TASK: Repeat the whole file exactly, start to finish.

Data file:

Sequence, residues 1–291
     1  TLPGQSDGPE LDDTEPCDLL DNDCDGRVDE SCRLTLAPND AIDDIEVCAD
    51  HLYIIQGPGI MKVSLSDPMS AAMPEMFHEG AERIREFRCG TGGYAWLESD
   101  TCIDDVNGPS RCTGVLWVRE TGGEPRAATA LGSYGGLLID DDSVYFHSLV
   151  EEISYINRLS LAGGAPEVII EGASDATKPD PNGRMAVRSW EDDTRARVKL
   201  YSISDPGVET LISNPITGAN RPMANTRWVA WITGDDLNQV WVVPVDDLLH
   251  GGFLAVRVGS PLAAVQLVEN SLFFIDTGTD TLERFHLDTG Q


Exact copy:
Sequence, residues 1–291
     1  TLPGQSDGPE LDDTEPCDLL DNDCDGRVDE SCRLTLAPND AIDDIEVCAD
    51  HLYIIQGPGI MKVSLSDPMS AAMPEMFHEG AERIREFRCG TGGYAWLESD
   101  TCIDDVNGPS RCTGVLWVRE TGGEPRAATA LGSYGGLLID DDSVYFHSLV
   151  EEISYINRLS LAGGAPEVII EGASDATKPD PNGRMAVRSW EDDTRARVKL
   201  YSISDPGVET LISNPITGAN RPMANTRWVA WITGDDLNQV WVVPVDDLLH
   251  GGFLAVRVGS PLAAVQLVEN SLFFIDTGTD TLERFHLDTG Q